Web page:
A Weekly Column

By Joseph Walker


The chicken fajitas were cooking nicely Ė no question about it.

The tantalizing smells wafting from the Dutch oven simmering on the back patio were enough to tell you that. Chicken, onion, peppers, tomatoes and spices were mingling deliciously, and soon the steaming, aromatic mixture would be spooned onto warm tortillas and consumed by members of two appreciatively hungry families.

Unfortunately, that moment of triumphant consumption was still a few minutes away. Which wasnít a big problem for most of us, who could actually enjoy the last moments of anxious anticipation (and who, the truth be known, could actually stand to miss a meal now and then). But for 10-year-old Lexi, it was an issue. Lexi is diabetic, and has to keep a close eye on her blood sugar levels. And the long wait for fajitas was pushing those levels to a point of mild concern.

What can I say? You just canít rush a Dutch oven.

So Lexi calmly got out her little insulin kit and prepared a syringe for one of her thrice daily injections. Based on her sugar level, she consulted with her mother in getting just the right dosage, then sat without flinching while her mother administered the shot.

Eleven-year-old Elizabeth, who regularly uses an inhaler in her daily battle with asthma, watched the process carefully. No stranger to the travails of ongoing medication, she seemed fascinated by what she saw Lexi doing. And as I tucked her into bed that night, it became quickly evident that what she had seen had touched her.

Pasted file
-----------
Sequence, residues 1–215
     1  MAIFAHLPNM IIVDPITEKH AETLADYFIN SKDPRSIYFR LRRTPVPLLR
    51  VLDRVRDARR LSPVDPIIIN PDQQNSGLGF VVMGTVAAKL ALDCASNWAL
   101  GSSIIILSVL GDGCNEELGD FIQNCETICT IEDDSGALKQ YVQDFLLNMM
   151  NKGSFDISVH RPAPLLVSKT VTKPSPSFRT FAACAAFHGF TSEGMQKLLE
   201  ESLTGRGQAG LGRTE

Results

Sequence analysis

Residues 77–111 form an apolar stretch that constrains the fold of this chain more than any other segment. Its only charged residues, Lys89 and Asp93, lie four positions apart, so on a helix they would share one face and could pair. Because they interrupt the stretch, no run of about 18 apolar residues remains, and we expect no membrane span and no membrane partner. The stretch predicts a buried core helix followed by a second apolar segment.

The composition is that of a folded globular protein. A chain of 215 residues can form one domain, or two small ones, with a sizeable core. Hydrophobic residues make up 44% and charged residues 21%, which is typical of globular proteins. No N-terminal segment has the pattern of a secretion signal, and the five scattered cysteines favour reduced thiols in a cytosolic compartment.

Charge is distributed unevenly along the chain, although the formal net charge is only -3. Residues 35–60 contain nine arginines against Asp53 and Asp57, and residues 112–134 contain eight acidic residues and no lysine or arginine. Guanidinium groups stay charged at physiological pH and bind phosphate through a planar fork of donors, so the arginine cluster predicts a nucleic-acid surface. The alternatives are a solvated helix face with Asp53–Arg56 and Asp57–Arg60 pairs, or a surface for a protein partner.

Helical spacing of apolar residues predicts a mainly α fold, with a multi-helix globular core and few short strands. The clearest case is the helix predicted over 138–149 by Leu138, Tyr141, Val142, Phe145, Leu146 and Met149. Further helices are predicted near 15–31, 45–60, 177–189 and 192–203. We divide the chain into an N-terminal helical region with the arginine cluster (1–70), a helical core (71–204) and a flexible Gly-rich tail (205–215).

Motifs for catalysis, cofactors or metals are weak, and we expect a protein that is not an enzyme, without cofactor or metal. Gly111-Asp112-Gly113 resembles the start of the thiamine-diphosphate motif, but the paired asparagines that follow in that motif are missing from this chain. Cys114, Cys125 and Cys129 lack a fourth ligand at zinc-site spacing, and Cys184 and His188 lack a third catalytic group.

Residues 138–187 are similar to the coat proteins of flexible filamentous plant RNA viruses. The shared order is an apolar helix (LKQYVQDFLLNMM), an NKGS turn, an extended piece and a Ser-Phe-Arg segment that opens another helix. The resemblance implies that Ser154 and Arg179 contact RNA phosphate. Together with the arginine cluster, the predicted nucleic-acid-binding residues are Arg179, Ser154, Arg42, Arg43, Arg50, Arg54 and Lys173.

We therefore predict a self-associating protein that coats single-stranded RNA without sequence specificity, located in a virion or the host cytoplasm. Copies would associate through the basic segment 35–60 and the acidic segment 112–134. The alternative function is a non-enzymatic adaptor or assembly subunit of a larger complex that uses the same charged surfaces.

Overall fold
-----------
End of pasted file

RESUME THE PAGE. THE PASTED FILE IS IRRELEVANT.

"Did you say your prayers?" I asked.

"Yes," she said. "I thanked God for my asthma."

As near as I could tell, that was a first. I couldnít remember ever hearing Elizabeth list "asthma" among her blessings. And so I gently asked why.

"It isnít that I like asthma," she said, simply. "But at least I donít have to take shots."

I understood immediately how she felt. Earlier in the week I had spoken to a friend who told me that her aged father had, within a few weeksí time, met and married a woman 42 years his junior.

Oh, and did I mention that this "bride" has a criminal "rap sheet" longer than Shaquille OíNealís arm? And that she has a long, sad history of drug abuse? And that she is HIV positive?

As you might expect, my friend is concerned. I tried to express support and my sincere hope that everything will turn out well for everyone involved, but I couldnít help but think of my own 90-year-old father, content and safe and well-cared for in a nearby care center. Maybe there are some things worse than Alzheimerís. And I silently thanked God for my challenges, just as Elizabeth thanked God for her asthma.

Mom used to have a saying that expressed that sentiment: "Better the devil you know." Of course, I didnít really understand that when I was growing up. Iíd look around, and all I could see was how much better or easier or more exciting other peopleís lives seemed to be. But as Iíve grown older, Iíve come to understand that everyone has their share of struggles Ė visible or otherwise. And no matter how taxing (and yes, I use that word intentionally Ė especially at this time of year) my particular share of struggles may be, when I see what other people are going through with the challenges they are facing . . . well, Iíll take mine.

Along with another helping of chicken fajitas, if you please.

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--- © Joseph Walker


Look for Joe's book, "How Can You Mend a Broken Spleen? Home Remedies for an Ailing World." It is available on-line through and